n September 2014, a report published by the Internal Displacement Monitoring Centre (IDMC) found that 20.6 million people were displaced by extreme weather events in 2013. That’s almost three times as many as those fleeing current conflicts.
The number one cause of global relocation now is climate change – yet there is no international recognition for the status of climate change refugees, and no insurance policies for them. They are in the shadows of international media, and often have little access to support in their home countries.
In a cruel irony, some of the world’s most fragile communities – the ones most closely connected to the natural world, who have lived most sustainably and have had the least impact on our changing climate – are the first to suffer as a result of its changes.
In October, I travelled for three days to visit two Yawanawá indigenous communities deep in the Amazon. We slept in hammocks in wooden houses, enjoyed the company of friendly people, and spent time with the village shaman, who told us of birds freezing in trees the week prior to our arrival owing to excessive cold at night. When I thanked one of the women for hosting us, she said: “We don’t own this land; we are merely its caretakers. So our house is open to visitors, and you are always welcome.”
A few weeks after we left, the Gregório river oveflowed, wiping out five villages, destroying four years worth of handicrafts and carpentry and leaving hundreds of people homeless. The cause of the flooding is unknown but it is suspected to be related to the intense deforestation of the land, with local areas of illegal logging a possible contributory factor.
A local shaman, Yawa, who is 101 years old, said that he had never seen or heard of a flood of this magnitude. Given the large-scale deforestation and degradation of the environment, Yawa spoke about “a huge revenge from nature in many places”. Mutum’s chief, Tashka Yawanawá, carried a similar warning message: “We have lived in this territory from time immemorial, and this has never happened. Never in our history. How we see it is that the whole climate is changing. Nature reacts differently now.”
For centuries, the Yawanawá have practised a culture that has only recently been restored after a century of slavery and abuse under rubber-tapper barons and missionaries. The Yawanawá have traditionally lived in close interdependence with the forest around them - they fetch drinking water from wells, eat local plants and animals, build their houses from trees, and even use the local plants medicinally.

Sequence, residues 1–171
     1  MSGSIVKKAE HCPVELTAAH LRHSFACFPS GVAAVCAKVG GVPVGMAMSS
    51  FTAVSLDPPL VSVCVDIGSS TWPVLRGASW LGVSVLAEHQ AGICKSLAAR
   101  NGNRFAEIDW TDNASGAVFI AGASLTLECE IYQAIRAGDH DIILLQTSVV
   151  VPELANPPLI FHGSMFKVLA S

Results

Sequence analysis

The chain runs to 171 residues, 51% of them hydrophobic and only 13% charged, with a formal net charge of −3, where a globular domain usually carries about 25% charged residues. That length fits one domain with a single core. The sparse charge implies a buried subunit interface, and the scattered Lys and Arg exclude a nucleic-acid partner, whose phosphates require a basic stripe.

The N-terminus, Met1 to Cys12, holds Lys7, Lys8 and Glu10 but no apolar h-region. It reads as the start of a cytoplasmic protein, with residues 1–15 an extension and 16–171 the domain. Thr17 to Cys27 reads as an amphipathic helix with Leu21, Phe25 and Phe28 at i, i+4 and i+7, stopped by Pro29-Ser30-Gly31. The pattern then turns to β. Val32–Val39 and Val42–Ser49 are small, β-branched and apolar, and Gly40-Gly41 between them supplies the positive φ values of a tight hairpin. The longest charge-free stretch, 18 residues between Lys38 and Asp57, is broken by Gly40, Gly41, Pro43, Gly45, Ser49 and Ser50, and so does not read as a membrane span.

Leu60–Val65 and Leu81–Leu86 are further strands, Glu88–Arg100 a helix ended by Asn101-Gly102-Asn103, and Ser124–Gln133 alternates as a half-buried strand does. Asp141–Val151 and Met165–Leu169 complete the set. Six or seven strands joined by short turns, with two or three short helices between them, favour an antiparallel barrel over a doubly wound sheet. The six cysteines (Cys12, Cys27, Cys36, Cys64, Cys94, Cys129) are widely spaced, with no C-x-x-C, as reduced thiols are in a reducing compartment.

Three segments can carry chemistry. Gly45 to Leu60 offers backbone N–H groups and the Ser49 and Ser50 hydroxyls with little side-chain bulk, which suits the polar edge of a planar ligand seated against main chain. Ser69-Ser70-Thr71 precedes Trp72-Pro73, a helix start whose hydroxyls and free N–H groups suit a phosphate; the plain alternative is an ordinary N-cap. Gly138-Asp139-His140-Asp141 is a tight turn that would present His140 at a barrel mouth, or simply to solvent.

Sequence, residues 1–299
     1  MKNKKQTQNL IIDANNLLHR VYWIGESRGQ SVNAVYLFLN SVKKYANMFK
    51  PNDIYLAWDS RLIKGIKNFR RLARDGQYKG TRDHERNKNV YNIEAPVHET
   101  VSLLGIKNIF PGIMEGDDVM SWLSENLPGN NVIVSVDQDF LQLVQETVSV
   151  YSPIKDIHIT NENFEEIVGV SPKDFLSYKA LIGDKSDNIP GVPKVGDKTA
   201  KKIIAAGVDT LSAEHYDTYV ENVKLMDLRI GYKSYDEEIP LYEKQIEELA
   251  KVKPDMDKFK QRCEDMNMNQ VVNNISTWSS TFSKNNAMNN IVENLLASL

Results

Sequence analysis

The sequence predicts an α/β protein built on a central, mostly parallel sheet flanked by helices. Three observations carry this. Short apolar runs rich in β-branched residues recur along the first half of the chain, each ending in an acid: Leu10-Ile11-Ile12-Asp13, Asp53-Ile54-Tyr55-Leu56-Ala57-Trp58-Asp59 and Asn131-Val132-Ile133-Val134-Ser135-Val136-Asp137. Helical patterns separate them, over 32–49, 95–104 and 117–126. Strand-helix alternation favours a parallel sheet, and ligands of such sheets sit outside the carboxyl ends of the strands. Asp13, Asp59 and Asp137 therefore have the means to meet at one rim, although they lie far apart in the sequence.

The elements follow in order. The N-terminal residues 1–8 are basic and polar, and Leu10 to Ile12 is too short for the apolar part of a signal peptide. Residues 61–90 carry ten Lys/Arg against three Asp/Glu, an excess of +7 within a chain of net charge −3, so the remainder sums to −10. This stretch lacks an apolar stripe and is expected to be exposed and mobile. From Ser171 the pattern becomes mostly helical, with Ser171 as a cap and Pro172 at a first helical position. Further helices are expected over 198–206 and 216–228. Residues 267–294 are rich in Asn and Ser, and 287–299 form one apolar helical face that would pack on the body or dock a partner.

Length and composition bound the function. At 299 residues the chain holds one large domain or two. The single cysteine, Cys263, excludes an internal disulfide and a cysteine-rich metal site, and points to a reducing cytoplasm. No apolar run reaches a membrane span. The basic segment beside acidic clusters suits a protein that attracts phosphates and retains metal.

Like many indigenous communities, they are at an interesting moment in their history right now: fighting to preserve and embolden the beauty of their culture, yet accepting the practicalities of some technology and working in and with the western capitalist systems that surround them.
Since the 1980s they have had legal rights to the land, and the government is helping to educate them, training teachers in the Yawanawá language. They have an annual festival that brings multiple indigenous communities together, in which outsiders are welcome to partake of their culture. They have temperamental wifi, shared computers and motorboats for the river. However, these elements of modernity did not protect the Yawanawá from the devastating flood. “The water came so fast and strong,” said Tashka. “For three or four days, it was all under water. That was really scary. We lost almost everything we had.”
Their simple wooden houses were destroyed. No one has house insurance.
Indigenous communities are the world’s best conservationists. Asked, at TEDGlobal in October why the Yawanawá have so much land, Tashka explained that they use very little of it and protect the rest. Having lived off the land for thousands of years, they arguably appreciate our human interdependence with nature more than most other cultures do. Unfortunately, the beauty of the Yawanawá’s dependence and coexistence with nature reveals a cruelty, as water tears apart the fragile structures they have built. This is made all the more cruel by the fact that vulnerable communities such as the Yawanawá are some of the first to pay the price for the toys and tools of progress we have played with elsewhere.
Those who live closest to nature are the least likely to have caused climate change, yet they are the first to feel the effects of change.
“What has happened to [the] Yawanawá,” Tashka says: “it’s just a little piece of what is really happening in the world because of climate change and global warming. A lot of people do not believe that this is really happening right now. But people like us, who live with the struggle, know what is happening.”
This article was published by the Guardian in 2014